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News - Arts and Culture at MSU



Poetry and motion; College of Engineering hosts annual poetry contest

Friday, August 31, 2007

At MSU, creativity is not just for the liberal arts departments.

In 1999, Craig Dunn, director of the Communication Program in the Department of Mechanical Engineering, had an idea to bring poetry to his engineering students. In a paper entitled, “The Need for Poetry Contests in Colleges of Engineering” Dunn wrote, “No man is an island, and no field of study can divorce itself from the activities, interests, positive reinforcement of divergent areas of instruction.”

Dunn meant what he wrote and started the College of Engineering Poetry Contest at MSU. Now going into its eighth year, the contest had become a success.

“Writing is helpful for an engineering career. Engineering does not exist without communication. Communication is it. All the disciplines are part of communication, not the other way around. I tell the students to think about the language they’re using, if it’s effective, how the listeners will take it,” Dunn said.

Anywhere from 65 to 150 students participate each year. For judges, Dunn scopes the Engineering Building for help from faculty and staff. The only instructions the judges follow are to read the poetry and judge it in their own way on a scale of 1 to 10, 10 being best. Then the scores are put into the computer and the poem with the highest score receives first prize. Dunn wants judges to judge poems on what they like and what appeals to them personally.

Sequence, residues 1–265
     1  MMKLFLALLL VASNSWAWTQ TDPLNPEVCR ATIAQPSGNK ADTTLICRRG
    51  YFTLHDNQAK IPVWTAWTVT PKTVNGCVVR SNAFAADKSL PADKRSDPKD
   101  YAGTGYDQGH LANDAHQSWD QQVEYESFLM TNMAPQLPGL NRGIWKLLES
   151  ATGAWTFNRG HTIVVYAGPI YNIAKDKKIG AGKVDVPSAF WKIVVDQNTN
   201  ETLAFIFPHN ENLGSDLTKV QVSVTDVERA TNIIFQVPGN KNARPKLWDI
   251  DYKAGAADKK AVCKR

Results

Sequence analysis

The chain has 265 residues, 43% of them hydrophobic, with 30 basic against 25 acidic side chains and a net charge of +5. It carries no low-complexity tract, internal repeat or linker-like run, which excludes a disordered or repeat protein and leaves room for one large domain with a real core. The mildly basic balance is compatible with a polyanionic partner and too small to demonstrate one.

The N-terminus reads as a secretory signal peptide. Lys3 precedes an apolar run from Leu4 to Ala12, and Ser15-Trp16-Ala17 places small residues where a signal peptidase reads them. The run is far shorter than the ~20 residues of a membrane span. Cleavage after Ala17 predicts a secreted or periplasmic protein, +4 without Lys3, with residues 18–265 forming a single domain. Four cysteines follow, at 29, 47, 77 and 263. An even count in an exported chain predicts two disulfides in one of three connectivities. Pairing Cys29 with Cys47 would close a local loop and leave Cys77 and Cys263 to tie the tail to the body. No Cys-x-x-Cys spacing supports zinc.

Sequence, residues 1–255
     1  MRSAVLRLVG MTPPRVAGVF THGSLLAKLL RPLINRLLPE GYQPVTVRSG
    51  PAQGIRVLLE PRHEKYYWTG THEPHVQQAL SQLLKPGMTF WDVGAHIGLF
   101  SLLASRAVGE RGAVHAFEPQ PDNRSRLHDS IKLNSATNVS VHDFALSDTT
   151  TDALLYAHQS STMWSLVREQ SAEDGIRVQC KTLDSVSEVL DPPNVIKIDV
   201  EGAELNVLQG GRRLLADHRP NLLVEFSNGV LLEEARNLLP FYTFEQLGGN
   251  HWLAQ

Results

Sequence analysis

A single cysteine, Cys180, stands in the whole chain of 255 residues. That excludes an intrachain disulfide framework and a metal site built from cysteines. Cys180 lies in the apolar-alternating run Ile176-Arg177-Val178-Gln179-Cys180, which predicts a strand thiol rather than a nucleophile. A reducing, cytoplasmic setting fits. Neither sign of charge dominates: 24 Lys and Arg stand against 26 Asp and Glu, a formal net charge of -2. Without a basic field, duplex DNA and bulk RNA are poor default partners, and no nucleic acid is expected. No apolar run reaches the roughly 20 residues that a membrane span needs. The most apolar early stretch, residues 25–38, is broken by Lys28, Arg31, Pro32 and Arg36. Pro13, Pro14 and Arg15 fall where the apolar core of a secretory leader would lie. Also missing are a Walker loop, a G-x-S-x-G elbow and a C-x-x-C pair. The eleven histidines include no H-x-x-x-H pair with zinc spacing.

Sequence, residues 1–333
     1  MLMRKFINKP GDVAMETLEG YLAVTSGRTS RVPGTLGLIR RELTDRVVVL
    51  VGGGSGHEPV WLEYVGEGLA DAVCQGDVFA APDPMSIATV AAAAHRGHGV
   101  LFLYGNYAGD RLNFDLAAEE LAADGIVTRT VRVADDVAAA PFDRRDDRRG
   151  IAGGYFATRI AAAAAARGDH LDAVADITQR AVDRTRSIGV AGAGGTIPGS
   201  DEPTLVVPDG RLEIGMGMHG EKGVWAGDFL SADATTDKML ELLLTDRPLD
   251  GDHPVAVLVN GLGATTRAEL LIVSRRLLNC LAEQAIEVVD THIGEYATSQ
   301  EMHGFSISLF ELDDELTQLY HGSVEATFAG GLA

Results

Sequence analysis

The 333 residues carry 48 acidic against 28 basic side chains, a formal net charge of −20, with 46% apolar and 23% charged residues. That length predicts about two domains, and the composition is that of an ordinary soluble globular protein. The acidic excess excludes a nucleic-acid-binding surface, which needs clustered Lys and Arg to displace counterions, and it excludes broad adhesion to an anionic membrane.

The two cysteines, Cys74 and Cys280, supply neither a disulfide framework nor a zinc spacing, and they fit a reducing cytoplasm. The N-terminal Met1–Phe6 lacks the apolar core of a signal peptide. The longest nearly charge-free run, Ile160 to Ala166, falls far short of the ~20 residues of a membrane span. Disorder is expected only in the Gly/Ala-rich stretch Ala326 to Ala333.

“We’re not looking for the best of the best, but which one is most liked by the judges,” said Dunn.

A critical point of the contest is to recognize that engineers have many interests that are not science and math-minded. Like many busy college students, the amount of time they get to devote to non-academic interests get pushed aside to the demands of school work. But since the students are asked to do the poetry contest, they can justify it more easily, Dunn said. They give themselves permission to do something other than engineering.

One year the contest even featured a live poetry reading in the lobby where students got up and read their poems on a small stage. Even the workers in Engineering Building’s Sparty store joined in and wrote poems on the spot to perform.

In the past Dunn has encountered students who have felt guilty about pursuing their creative passions while engulfed with school work. Dunn thinks feeling guilty about outside interests is not what engineers should be doing. Dunn says the poetry contest allows students to relax a bit.

“Poetry is a rest. It takes your mind off of everything. The balance of school work and free time is very important to long-term success.”

The contest is open to all MSU students, not just engineers. Past entries are archived and accessible at along with contest rules.

Even though it may seem like an unusual contest for engineers, Dunn stands by the idea. “It is giving people a chance to do something they might not have done,” he said.

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